To that end, ARSA filed an amicus brief with the appellate court to explain the law and practical ramifications of upholding the National Transportation Safety Board’s determination that “omitting” information from the approval for return to service document required by section 145.219(b) can constitute intentional falsification of maintenance records. ARSA team members attended the oral argument and will update the membership on the outcome of the matter.


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ARSA on the Hill

FAA Oversight Committees Take Shape

By Christian A. Klein, Executive Vice President

The U.S. government shutdown might have dominated the news over the past month, but behind the scenes the House and Senate were preparing to legislate over the next two years.

The Democratic takeover of the House added drama since chairmanship of all House committees must move from R to D. Although the GOP maintained control of the Senate, there’s still reshuffling.

ARSA prioritizes engagement with the House Transportation & Infrastructure and Senate Commerce, Science and Transportation Committees, which have jurisdiction over FAA. Although Congress enacted a new, multi-year FAA reauthorization law in 2018, the committees play an important role in shaping FAA policy and implementation of the new law, so it’s critical that these important panels know the role contract maintenance providers play in the economy.

As expected, Sen. Roger Wicker (R-Miss.) is the new chairman of the Senate Commerce Committee and Sen. Maria Cantwell (D-Wash.) will be the panel’s ranking Democrat. The Senate aviation and space subcommittee will be led by two members from states with a high concentration of repair stations. Sen. Ted Cruz (R-Texas) will chair the subcommittee and Sen. Kyrsten Sinema (D-Ariz.) will serve as its ranking member. The subcommittee’s other members for the 116th Congress are:

Sen. Marsha Blackburn (R-Tenn.)
Sen. Roy Blunt (R-Mo.)
Sen. Shelley Moore Capito (R-W.Va.)
Sen. Tammy Duckworth (D-Ill.)
Sen. Cory Gardner (R-Colo.)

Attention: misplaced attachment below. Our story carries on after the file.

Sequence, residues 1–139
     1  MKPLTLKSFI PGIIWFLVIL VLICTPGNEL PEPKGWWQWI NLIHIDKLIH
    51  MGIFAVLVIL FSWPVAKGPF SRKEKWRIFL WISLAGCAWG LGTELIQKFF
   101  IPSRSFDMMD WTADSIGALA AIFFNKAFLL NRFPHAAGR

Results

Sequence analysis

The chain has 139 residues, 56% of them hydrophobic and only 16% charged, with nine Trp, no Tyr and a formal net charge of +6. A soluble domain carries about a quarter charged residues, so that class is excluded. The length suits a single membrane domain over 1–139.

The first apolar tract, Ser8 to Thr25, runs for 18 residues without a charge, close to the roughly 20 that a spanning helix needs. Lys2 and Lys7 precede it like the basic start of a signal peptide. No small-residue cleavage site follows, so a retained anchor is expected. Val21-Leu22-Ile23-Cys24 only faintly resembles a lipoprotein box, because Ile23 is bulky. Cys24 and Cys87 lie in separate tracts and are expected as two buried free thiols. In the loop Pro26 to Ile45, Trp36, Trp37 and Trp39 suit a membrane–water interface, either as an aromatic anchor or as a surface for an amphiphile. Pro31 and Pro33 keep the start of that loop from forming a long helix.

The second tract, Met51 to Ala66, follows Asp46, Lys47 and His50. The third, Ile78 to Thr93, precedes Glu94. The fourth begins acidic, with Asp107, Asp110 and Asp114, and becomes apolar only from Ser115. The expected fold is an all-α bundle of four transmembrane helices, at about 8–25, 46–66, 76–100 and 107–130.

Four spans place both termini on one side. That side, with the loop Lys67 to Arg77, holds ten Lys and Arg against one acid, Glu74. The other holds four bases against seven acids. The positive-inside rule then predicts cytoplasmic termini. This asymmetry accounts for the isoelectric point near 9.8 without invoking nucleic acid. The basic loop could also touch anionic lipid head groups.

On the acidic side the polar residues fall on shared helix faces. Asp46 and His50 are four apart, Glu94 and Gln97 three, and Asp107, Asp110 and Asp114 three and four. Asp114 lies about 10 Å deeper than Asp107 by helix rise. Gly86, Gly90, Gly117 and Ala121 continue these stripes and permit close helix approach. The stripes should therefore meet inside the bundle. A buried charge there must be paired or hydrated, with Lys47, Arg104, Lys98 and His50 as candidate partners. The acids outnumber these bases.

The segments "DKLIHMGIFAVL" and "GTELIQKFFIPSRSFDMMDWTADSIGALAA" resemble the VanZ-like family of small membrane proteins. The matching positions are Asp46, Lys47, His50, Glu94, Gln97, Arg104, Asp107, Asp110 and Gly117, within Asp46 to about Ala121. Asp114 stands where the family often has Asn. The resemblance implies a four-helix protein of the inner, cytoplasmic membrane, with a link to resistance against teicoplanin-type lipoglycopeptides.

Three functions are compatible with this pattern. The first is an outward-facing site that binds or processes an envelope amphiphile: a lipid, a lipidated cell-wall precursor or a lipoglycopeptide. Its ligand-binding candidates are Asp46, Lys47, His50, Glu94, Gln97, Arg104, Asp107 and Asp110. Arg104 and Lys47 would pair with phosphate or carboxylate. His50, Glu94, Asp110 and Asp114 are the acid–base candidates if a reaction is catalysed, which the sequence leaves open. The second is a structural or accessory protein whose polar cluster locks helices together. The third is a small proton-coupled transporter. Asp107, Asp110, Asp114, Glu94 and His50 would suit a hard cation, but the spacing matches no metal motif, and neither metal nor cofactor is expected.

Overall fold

Sen. Mike Lee (R-Utah)
Sen. Jerry Moran (R-Kan.)
Sen. Gary Peters (D-Mich.)
Sen. Jacky Rosen (D-Nev.)
Sen. Brian Schatz (D-Hawaii)
Sen. Jon Tester (D-Mont.)
Sen. John Thune (R-S.D.)
Sen. Tom Udall (D-N.M.)

Pieces are falling into place on the House side of Capitol Hill. Rep. Peter DeFazio (D-Ore.) is the T&I Committee’s new chairman. Given Chairman DeFazio’s past criticism of contract maintenance, we expect the repair station industry and FAA’s oversight to come back under scrutiny. The committee’s ranking Republican, Rep. Sam Graves (R-Mo.), is a pilot and aviation enthusiast who was the lead House sponsor of the legislation that created the new aviation workforce development grant program. Rep. Rick Larsen (D-Wash.) will be chairman of the House aviation subcommittee and Rep. Garret Graves (R-La.) will be ranking member. The T&I Committee announced 24 additional members for the 116th Congress, most of whom are new to Capitol Hill:

Rep. Colin Allred (D-Texas)
Rep. Troy Balderson (R-Ohio)
Rep. Anthony Brown (D-Md.)
Rep. Salud Carbajal (D-Calif.)
Rep. Angie Craig (D-Minn.)
Rep. Sharice Davids (D-Kan.)
Rep. Antonio Delgado (D-N.Y.)
Rep. Adriano Espaillat (D-N.Y.)
Rep. Abby Finkenauer (D-Iowa)
Rep. Brian Fitzpatrick (R-Pa.)
Rep. Lizzie Fletcher (D-Texas)
Rep. Jesús García (D-Ill.)
Rep. Jennifer González-Colón (R-PR)
Rep. Stephen Lynch (D-Mass.)
Rep. Tom Malinowski (D-N.J.)
Rep. Carol Miller (R-W.V.)
Rep. Debbie Mucarsel-Powell (D-Fla.)
Rep. Gary Palmer (R-Ala.)
Rep. Chris Pappas (D-N.H.)
Rep. Greg Pence (R-Ind.)
Rep. Harley Rouda (D-Calif.)
Rep. Ross Spano (R-Fla.)
Rep. Greg Stanton (D-Ariz.)
Rep. Pete Stauber (R-Minn.)

Note: As the hotline went to press, the T&I Committee announced subcommittee assignments.  The committee’s press release is here: The legislative team will take an in-depth look at the subcommittee’s composition next month.

In the weeks ahead, ARSA will be reaching out to these members of Congress to introduce or reintroduce the aviation maintenance industry. Members must also engage in the effort to educate about the industry’s value.

Want to Learn More About ARSA PAC?

ARSA’s Political Action Committee helps elect congressional candidates who share ARSA’s commitment to better regulation and a strong aviation maintenance sector.   In this critical election year, ARSA PAC has never been more important.  But ARSA is prohibited from sending PAC information to members who haven’t opted in to receive it.

Please take a second to give us prior approval to talk to you about ARSA PAC.  Doing so in no way obligates you to support PAC.  It just opens the lines of communication.

Click here to give ARSA your consent today.


ARSA Kicks off Campaign to Fund Workforce Grant Programs

One of the association’s signature achievements last year was getting Congress to create a new program to recruit and train aviation maintenance technicians. The coalition ARSA built to get the program into law now must get funding through the appropriations process so the Department of Transportation can start providing grants.

First, President Trump must be convinced to include money in the administration’s proposed budget, which will be sent to Congress in February. The association gathered its coalition partners – added new organizations – and sent a letter to the White House and the secretary of transportation in support of both the technician and pilot programs.